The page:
Abolitionism

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Abolitionism

 

(1) A social movement aimed at liquidating a law.

(2) A movement in the United States in the 18th and 19th centuries for the abolition of Negro slavery. Abolitionism in the United States was strikingly manifested by the Negro slave rebellions in the South—for example, the rebellions in 1800, led by Gabriel; and in 1831, led by Nat Turner. The beginning of an organized national abolitionist movement dates from the founding of the American Antislavery Society in 1833. Abolitionism unified broad segments of society, including farmers who were struggling for land against the slaveholding plantation owners, workers, progressive intellectuals, and activists in the Negro emancipation movement, as well as an element of the bourgeoisie who saw slavery as an obstacle to the development of capitalism in the country. The most revolutionary abolitionist groups, headed by F. Douglass, understood the need for armed force in the struggle against slavery. Of special importance in the struggle against slavery was the 1859 insurrection led by J. Brown. The popular masses played a leading role in the liquidation of slavery during the American Civil War. Under pressure from them, the government of A. Lincoln adopted as a military measure a law emancipating but giving no land to those Negro slaves who were owned by planters participating in the secessionist rebellion. However, the Civil War did not bring true freedom to the Negroes. The American bourgeoisie strove “to restore everything possible, and to do everything possible—even the impossible—to further the most shameless and vile oppression of Negroes” (V. I. Lenin, Poln. sobr. soch., 5th ed., vol. 27, p. 142).

(3) The struggle which developed in Great Britain, France, and several other European countries in the 18th and 19th centuries to abolish slavery in colonial areas.

References in periodicals archive ?
The abolition of slavery in the United States was seen that way, but a handful of black and white abolitionists would not give up, and they eventually created a national movement powerful enough to turn a utopian dream into reality.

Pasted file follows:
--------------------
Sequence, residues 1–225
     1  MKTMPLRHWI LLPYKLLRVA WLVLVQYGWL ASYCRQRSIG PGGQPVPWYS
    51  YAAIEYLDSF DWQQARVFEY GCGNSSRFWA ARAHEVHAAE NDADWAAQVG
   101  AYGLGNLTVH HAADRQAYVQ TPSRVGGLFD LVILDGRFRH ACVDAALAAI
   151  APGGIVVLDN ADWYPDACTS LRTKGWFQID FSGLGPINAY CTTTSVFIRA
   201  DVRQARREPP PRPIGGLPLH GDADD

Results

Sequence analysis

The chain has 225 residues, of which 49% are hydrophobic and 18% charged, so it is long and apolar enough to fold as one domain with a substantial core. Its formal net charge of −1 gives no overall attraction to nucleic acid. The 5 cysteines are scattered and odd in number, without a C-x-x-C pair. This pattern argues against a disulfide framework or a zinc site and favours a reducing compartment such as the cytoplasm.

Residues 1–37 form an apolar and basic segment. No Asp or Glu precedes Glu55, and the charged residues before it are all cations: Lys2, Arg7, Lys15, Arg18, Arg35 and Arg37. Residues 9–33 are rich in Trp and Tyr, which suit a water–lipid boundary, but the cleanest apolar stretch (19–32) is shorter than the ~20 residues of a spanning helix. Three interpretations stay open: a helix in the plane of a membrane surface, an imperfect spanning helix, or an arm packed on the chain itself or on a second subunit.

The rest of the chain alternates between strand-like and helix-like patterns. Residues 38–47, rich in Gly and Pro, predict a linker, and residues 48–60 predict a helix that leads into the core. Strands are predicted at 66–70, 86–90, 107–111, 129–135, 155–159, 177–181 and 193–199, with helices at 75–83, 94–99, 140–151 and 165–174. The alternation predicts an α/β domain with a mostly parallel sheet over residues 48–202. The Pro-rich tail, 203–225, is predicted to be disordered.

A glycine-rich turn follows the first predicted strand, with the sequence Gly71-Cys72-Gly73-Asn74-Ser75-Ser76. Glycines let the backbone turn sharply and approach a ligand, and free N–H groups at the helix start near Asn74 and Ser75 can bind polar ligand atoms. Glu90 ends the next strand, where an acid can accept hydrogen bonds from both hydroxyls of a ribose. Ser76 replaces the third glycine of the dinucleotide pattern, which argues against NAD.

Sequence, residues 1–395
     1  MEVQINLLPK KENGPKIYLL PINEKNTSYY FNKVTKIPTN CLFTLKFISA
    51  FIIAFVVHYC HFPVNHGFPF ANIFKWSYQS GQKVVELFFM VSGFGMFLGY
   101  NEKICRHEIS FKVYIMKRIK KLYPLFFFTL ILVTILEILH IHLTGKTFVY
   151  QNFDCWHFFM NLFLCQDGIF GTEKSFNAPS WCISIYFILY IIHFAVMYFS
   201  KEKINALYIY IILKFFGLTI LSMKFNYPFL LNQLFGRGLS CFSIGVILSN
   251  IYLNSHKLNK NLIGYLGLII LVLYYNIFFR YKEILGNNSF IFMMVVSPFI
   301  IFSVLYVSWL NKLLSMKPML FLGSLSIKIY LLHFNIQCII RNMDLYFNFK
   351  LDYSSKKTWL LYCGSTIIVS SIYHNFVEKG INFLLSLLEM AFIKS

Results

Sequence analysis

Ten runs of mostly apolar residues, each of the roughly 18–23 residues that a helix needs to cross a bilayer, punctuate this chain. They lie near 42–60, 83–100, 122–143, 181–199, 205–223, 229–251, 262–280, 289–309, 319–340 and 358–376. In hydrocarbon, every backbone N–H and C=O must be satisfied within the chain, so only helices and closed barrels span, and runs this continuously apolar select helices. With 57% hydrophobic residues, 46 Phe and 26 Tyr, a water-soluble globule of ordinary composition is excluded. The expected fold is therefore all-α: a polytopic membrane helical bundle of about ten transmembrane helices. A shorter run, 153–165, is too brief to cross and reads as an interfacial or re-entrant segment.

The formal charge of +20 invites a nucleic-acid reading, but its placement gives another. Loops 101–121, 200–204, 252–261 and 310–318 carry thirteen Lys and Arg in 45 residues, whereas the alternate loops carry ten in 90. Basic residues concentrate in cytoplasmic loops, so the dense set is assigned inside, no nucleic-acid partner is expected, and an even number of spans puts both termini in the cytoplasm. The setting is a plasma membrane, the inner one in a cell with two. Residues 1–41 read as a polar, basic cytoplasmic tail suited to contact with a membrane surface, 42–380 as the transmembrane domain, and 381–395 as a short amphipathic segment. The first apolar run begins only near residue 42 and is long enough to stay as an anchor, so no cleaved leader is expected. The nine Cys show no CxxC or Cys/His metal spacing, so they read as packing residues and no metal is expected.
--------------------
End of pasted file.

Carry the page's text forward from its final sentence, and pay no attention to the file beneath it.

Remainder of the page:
The silent fugitive slave's body became an erotic sign of servitude in the social, liberational discourses of white abolitionists.
Black and white abolitionists pushed a reluctant Lincoln to sign the act, Bennett writes, and he quotes a congressman who said Lincoln "feared that enlistments would cease, and that Congress would even refuse the necessary supplies to carry on the war, if he declined to place it on a clearly defined antislavery basis.
The book is divided into two sections on black liberators and white abolitionists so that, with a couple of exceptions, essays on Northern free blacks and black abolitionists appear with those on slave rebels.
To the gory descriptions of physical cruelty on the bodies of slaves, Jacobs adds her discourse on the sexual violation of enslaved women, and the intervention of white abolitionists in the production and dissemination of slave narratives.
The remaining five essays discuss antislavery violence and rhetoric by white abolitionists.
White abolitionists were opposed to the influence of Olaudah Equiano in Britain just as they undermined Samuel Ajayi Crowther's position in the Yoruba/Niger Mission.
Such preconceptions caused real difficulties when white abolitionists came into contact with black abolitionists wit h their own priorities and agendas.
Coming in the wake of "a rash of fugitive slave cases in 1850 and 1851" (26), the Burns case immediately gripped the attention of Boston's black and white abolitionists, and after a failed assault on the city jail, antislavery advocates then threw up every possible legal and philosophical obstacle in an effort to thwart what was essentially the law of the land.
Black and white abolitionists countered by insisting that these claims merely concealed the racism behind colonizationist actions.
It was that crusade of black and white abolitionists, growing into a great national movement, that pushed a reluctant Lincoln into finally issuing a half-hearted Emancipation Proclamation, and persuaded Congress to pass the Thirteenth, Fourteenth, and Fifteenth amendments.
One result was a rift between black and white abolitionists.